How Would You Like to Teach ESL?
Different Kinds of Certifications
We'll start with the easiest certificates to obtain and work up from there. Remember, depending on what you want to do, you may have to invest more time or money into getting the credentials.
- No certificate: this one takes no time or money, but will limit your options for where you can teach. Some countries in South America or Southeast Asia will not mind if you don't have a certificate. As long as you are a native English speaker, you can work for them.
- Online certificate: These are typically marketed as comparable to a certificate earned in a classroom setting. They deal mainly with definitions, terms, and best practices for teaching ESL/EFL. There is usually some sort of lesson planning component, but no teaching practice involved. The main benefit to these is that it is usually much cheaper than an in classroom certificate, but some countries will not accept an online certification.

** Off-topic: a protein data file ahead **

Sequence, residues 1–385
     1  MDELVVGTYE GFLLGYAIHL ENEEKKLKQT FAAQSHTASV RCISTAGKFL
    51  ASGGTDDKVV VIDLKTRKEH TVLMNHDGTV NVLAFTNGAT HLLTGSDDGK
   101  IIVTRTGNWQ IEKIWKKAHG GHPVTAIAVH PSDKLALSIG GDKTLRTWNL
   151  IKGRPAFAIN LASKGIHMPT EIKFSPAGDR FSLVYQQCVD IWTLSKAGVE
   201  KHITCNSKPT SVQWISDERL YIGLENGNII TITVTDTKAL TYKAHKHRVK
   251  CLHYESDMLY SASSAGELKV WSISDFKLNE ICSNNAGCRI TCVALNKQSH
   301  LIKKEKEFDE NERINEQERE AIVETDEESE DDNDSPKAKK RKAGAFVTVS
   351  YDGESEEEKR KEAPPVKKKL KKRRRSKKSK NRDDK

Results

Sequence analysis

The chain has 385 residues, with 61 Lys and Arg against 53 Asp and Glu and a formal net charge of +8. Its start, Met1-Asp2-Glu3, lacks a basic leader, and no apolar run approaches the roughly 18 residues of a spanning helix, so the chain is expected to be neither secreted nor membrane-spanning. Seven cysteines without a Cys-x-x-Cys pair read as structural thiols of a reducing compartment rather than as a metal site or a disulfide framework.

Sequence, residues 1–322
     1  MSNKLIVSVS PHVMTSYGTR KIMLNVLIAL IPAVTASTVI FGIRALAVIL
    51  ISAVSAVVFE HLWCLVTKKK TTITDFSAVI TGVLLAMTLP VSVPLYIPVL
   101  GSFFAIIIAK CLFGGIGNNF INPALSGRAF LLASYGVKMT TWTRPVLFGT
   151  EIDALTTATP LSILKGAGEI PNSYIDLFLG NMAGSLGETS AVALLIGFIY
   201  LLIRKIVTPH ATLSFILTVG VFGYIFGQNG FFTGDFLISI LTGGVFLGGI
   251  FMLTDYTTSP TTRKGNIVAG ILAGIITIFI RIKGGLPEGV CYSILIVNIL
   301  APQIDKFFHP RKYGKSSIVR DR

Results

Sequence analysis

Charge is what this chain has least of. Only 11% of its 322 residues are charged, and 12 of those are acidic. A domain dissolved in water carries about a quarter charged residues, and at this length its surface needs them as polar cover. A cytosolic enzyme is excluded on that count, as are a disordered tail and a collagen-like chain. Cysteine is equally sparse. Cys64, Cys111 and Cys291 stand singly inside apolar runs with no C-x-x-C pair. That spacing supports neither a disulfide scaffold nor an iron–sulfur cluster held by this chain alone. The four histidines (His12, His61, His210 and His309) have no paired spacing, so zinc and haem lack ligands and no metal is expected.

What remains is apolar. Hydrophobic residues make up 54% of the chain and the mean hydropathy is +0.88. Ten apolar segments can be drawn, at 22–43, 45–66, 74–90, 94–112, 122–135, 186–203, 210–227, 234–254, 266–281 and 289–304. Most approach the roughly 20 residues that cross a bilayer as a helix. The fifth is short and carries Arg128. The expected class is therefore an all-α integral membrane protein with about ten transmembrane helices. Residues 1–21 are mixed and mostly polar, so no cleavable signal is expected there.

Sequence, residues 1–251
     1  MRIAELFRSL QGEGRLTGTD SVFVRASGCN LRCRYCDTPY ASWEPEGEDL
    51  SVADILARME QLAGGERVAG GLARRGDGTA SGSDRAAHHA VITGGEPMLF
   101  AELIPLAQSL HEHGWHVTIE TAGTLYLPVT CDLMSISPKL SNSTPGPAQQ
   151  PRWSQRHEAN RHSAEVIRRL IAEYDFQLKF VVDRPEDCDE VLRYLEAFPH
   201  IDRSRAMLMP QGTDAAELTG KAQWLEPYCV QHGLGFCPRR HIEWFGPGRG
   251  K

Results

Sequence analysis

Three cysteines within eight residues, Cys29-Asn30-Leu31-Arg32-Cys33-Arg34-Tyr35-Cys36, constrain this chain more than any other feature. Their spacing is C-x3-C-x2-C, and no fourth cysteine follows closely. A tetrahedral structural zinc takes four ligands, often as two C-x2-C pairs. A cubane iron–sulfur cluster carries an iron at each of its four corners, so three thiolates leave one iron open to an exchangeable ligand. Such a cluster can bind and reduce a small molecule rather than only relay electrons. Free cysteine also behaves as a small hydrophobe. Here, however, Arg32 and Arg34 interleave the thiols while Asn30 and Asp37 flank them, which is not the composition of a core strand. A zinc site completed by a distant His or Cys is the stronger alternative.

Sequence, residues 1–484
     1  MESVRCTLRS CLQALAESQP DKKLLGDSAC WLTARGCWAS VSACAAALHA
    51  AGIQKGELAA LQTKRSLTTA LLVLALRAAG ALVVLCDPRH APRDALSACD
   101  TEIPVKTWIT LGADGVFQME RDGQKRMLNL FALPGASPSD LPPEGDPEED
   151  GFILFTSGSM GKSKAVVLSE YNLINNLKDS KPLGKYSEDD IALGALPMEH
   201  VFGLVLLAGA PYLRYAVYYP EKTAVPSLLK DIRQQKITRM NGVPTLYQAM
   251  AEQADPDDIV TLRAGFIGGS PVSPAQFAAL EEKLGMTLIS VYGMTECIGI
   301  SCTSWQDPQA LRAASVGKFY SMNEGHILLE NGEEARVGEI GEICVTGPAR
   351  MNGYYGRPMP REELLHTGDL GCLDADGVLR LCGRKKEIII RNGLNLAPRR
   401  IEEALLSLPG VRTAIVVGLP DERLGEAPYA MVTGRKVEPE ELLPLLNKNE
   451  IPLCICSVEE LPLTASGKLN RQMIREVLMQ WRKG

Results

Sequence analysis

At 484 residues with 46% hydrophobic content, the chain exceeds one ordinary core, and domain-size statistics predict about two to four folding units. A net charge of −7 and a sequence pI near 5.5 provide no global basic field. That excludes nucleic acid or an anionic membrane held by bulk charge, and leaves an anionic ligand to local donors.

- Classroom certification: By classroom certification, I mean one that is earned in a classroom setting with a teacher and other students. There is also typically teaching practice involved as well. Common certificates are 120-140 classroom hours. There are options to take these classes in the U.S. as well as abroad if you'd like to earn your certificate and visit another country at the same time.
- Teaching licensure for U.S. public schools: These are the trickiest to get, in my opinion, because if you're not already a licensed teacher, you'll have a lot of requirements to fulfill. You must either have a bachelor's degree in teaching, or be able to qualify for licensure by taking extra classes on ESL and getting certified to teach by your particular state. Check your department of education for your state for more information on licensure.
- To teach in a university in the U.S. and some other countries (e.g. Saudi Arabia), you'll need at least a master's degree in ESL or an equivalent field. The exact requirements will vary depending on the university, but at minimum, you'll spend a few years earning extra education credits.